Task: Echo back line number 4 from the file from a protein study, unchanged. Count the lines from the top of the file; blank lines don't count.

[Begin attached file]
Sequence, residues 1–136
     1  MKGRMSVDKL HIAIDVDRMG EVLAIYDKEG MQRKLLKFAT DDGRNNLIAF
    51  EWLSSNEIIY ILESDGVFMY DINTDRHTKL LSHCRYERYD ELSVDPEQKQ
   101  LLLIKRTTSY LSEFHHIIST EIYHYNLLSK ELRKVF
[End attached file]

   101  LLLIKRTTSY LSEFHHIIST EIYHYNLLSK ELRKVF